A vehicle takes 15 to 20 minutes to travel around the rectangular loop at up to 1m/s from the parts store to one of three stopping points serving the 11 production lines, on through the finished goods area where empty boxes are offloaded and sorted, and back to the store to pick up trailers which have been loaded for the next parts deliveries. When an AGV tractor and trailer train is ready for its onward journey, the new destination(s) is/are entered by the operator into the vehicle's on-board keypad using a two-digit code and the start button is pressed. Maximum trailer movements are 27 per hour.
Trailers are uncoupled manually from the train only in the production area to enable components to be transferred conveniently into racking. A trailer may be reattached at any time, to another vehicle if expedient; and while an AGV normally continues its journey towing three trailers, it could just as easily be pulling one or two. Each trailer carries boxes of various sizes laden with parts weighing up to 200kg, although loads are normally less than half of that figure. The 1.5 tonne towing capacity of the Handimat tractor is more than adequate for the task.
A particular feature of the AGV system is its flexibility. Mr Milner says that there are plans at DENSO to increase the material flow rate, extend the travel route to serve additional lines and use the vehicles to transport "in-house" boxes carrying sub-assemblies such as evaporators and heater cores between the production lines. The Handimat network may be easily altered to accommodate all these new requirements. Extra vehicles could be added and the control software upgraded to oversee more complex traffic movements. Links are possible in the future with DENSO's facility network so that AGV operation becomes part of a wider integrated system.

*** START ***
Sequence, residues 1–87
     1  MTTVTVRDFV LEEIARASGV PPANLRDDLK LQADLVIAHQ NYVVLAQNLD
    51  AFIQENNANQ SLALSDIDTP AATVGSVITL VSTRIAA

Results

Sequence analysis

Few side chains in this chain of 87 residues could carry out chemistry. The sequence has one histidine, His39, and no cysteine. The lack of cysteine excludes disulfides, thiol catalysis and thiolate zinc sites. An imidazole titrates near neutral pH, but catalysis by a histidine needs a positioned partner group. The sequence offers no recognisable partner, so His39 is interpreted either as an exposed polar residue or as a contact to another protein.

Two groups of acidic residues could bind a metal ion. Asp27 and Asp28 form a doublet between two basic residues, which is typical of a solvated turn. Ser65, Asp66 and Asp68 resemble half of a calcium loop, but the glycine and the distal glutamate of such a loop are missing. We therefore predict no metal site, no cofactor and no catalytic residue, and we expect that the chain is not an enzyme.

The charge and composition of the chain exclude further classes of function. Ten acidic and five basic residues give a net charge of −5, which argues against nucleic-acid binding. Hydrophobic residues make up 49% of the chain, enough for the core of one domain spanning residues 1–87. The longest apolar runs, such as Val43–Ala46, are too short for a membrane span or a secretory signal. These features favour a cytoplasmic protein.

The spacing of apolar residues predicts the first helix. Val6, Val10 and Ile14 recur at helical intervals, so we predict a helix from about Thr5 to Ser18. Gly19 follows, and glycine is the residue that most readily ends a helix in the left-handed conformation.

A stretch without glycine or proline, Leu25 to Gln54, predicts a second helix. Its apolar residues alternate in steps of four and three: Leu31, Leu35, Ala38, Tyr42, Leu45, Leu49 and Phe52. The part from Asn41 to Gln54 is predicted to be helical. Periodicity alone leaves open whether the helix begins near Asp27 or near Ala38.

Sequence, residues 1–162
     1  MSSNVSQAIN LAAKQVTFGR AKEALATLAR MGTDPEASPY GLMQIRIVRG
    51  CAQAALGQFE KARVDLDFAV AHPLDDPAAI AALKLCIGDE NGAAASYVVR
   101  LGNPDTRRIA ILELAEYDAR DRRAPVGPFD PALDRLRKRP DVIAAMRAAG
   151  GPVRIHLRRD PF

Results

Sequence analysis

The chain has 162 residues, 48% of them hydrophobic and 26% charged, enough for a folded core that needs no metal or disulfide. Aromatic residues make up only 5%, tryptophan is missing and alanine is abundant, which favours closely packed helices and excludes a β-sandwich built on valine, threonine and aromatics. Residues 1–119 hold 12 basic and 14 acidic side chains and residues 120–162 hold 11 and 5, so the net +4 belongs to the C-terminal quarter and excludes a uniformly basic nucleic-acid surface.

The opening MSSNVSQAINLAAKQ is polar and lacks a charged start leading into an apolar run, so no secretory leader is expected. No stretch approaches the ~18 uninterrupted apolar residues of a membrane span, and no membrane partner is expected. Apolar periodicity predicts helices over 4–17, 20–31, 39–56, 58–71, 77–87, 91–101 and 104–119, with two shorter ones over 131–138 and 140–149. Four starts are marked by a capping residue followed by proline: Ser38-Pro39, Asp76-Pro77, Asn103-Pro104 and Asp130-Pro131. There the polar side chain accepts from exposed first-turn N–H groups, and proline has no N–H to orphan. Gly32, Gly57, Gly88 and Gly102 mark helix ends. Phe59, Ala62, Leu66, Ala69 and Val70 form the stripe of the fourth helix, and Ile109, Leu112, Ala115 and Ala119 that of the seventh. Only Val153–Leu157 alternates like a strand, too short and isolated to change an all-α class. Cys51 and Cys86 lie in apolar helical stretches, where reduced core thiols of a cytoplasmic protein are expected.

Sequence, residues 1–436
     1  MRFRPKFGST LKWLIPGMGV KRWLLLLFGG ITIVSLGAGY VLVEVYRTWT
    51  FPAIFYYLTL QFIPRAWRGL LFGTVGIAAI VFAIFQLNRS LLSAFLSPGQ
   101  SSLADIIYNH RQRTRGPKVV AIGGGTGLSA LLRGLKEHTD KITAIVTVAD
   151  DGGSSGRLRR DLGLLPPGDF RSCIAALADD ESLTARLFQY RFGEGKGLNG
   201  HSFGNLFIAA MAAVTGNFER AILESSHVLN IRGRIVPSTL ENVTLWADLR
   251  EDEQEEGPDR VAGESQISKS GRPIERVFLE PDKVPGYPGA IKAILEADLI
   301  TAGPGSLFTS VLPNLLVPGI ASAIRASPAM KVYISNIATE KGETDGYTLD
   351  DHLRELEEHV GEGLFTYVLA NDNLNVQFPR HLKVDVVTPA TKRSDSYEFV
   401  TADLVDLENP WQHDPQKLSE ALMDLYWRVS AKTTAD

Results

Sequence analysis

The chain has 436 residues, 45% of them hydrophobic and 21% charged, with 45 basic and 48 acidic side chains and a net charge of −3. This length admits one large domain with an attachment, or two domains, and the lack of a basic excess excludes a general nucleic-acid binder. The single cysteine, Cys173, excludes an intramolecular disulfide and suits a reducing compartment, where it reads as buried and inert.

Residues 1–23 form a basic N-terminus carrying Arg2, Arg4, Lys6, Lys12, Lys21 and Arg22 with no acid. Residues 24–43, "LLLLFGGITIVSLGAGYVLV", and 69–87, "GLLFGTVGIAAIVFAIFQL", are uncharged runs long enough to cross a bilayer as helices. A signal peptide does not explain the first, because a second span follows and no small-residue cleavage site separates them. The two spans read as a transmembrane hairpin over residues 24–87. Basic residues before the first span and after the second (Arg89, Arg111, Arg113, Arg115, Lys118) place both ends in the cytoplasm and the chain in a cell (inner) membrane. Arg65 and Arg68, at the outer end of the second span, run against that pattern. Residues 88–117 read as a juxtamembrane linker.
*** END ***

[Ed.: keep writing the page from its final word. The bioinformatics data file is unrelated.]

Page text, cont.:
The Indumat system computer, and a separate computer displaying a graphic mimic of the guide path with vehicle positions, are located in DENSO's production control office. Coupled to the system computer is a radio data modem and antenna for two-way communication with the Handimat tractors. A telephone modem has also been provided to allow the software to be upgraded remotely when necessary.
Two 24-volt batteries were supplied with each vehicle so that one battery is always on charge ready for immediate exchange after about 16 hours' normal use. A vehicle signals to the controller when its battery charge has fallen below a predetermined level, whereupon it travels automatically to the battery exchange area. Although Handimats have the ability to be driven manually off and on the guide path, DENSO chooses to wheel the battery exchange trolley to the vehicle, so reducing the time it is out of action to just a few minutes.
As personnel and lift trucks move in the same areas as the AGVs, comprehensive safety features have been built in. For example, a front fender is fitted which stops the AGV the instant it touches an obstacle. However, so that productivity is not unduly compromised, the vehicle will try to restart itself three times before operator intervention is necessary.
Some of the common areas in the Telford factory are particularly busy, such as by the production lines and at aisle intersections, and in these locations as well as when negotiating curves the Handimats are programmed to travel more slowly. Visual and audible warning systems are built into the vehicles, the latter having been made louder than normal for the DENSO application owing to the presence of competing sounds within the factory.
For further information please contact: Tony Caulkett, Managing Director, Indumat Systems Ltd, Kingsclere Road, Basingstoke, Hampshire RG21 6XQ. Tel: +44 (0)1256 470079; Fax: +44 (0)1256 470072.